This is supposed to be a garden–one of three in my back yard. As you can see, it’s overgrown with weeds and Bermuda grass. I’d had high hopes for it this past summer: I was going to plant my first monsoon garden (more on monsoon gardens soon) in early July, and I was very excited about it.
And then, on June 19th, while jumping over the side of our pickup truck, my Achilles tendon tore from my heel bone. I was completely off that foot for four weeks, in a boot for ten, and will be in physical therapy for many months to come. A crushing blow.
My very busy family had some tough decisions to make: How much could we keep, and what must we let go, to preserve a high maintenance urban farm for the months to come? Was it time to entirely call it quits?
The animals would get to stay, we decided; the family could do the morning and evening chores. We set up a system so that I could still milk, and having only one goat to milk suddenly seemed like a blessing rather than a curse. With our bi-monthly flood irrigation, the fruit trees would be ok. But the gardens would have to go. I took a leave of absence from managing our nearby community garden. I grieved every day, and am still grieving.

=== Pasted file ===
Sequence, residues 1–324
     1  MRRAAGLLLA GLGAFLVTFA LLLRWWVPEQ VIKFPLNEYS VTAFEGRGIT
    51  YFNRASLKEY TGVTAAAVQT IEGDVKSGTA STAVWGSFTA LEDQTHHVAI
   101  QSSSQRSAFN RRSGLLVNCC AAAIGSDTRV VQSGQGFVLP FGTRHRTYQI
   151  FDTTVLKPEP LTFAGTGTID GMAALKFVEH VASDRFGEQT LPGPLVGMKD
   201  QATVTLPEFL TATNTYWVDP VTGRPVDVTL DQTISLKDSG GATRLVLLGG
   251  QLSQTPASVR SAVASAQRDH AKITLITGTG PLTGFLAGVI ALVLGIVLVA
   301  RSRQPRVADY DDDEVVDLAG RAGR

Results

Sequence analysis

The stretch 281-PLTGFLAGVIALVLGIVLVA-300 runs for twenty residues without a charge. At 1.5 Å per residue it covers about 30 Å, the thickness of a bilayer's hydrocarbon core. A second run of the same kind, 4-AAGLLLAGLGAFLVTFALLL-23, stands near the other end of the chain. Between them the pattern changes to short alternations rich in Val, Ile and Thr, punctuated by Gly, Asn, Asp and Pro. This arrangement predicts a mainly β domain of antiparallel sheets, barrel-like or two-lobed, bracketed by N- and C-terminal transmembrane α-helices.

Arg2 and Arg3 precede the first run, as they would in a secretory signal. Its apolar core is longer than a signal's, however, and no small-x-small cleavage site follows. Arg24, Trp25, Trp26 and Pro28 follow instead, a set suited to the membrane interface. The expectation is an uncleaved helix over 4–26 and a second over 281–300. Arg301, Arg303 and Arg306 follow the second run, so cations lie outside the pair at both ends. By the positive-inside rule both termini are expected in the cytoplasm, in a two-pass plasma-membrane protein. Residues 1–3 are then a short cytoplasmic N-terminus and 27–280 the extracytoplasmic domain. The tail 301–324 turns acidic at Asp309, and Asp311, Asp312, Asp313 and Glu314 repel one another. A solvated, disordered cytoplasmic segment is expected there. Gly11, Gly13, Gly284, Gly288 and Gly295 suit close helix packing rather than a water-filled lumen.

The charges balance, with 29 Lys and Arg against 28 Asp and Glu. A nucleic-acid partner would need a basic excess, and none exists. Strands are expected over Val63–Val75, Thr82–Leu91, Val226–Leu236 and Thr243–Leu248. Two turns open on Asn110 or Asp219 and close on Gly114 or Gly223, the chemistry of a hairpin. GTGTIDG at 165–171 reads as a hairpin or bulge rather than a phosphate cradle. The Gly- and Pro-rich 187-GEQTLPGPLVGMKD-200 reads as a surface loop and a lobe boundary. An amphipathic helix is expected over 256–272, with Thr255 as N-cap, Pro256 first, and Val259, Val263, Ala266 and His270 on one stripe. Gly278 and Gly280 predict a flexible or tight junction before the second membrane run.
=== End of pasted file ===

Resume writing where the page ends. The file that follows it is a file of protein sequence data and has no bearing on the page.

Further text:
But that wasn’t the only setback:
This past winter, my beloved goat Hattie stopped walking on her two front feet and began crawling around on her knees instead. I’d always had trouble trimming her hooves, but I tried again, looking for infection as I went. (There was none.) Even with trimmed hooves, she didn’t walk. She was awfully fat; she’d been dry and unable to get pregnant for three years, and an inactive goat that isn’t producing babies or milk will gain weight. I brought in the vet and got the hard news: She had a structural problem with her legs and feet. She was in pain, and would never get better. Worse, it was genetic. Somehow, despite her excellent pedigree, some old gene had popped up in her; and her daughter, whom we also owned, was likely carrying the gene, although she seemed to have no problem with her feet. The compassionate, responsible thing to do was to put Hattie down humanely, and then give her super friendly daughter away as an unregistered pet; thereby taking them both out of the gene pool. I was now left with only one female goat, and I was crushed. Sobbing, many days in a row. Not just for me, but for Sheba, who would now lose her only two companions. Again the question: Are we done?
This is one of the scariest parts of any kind of farming: A major injury can be the death of a dream, the death of an income. Living things won’t wait: They and their environment must be cared for every day, no exceptions. We are fortunate that Jeff works an outside job; this is the survival plan of so many farming couples. But when one partner breaks down, the other is left to shoulder the whole load, and it’s just impossible to keep up. It took us some time to find the silver lining in this heavy cloud, but it did eventually begin to shine.
Next up: New Life, and the Doldrums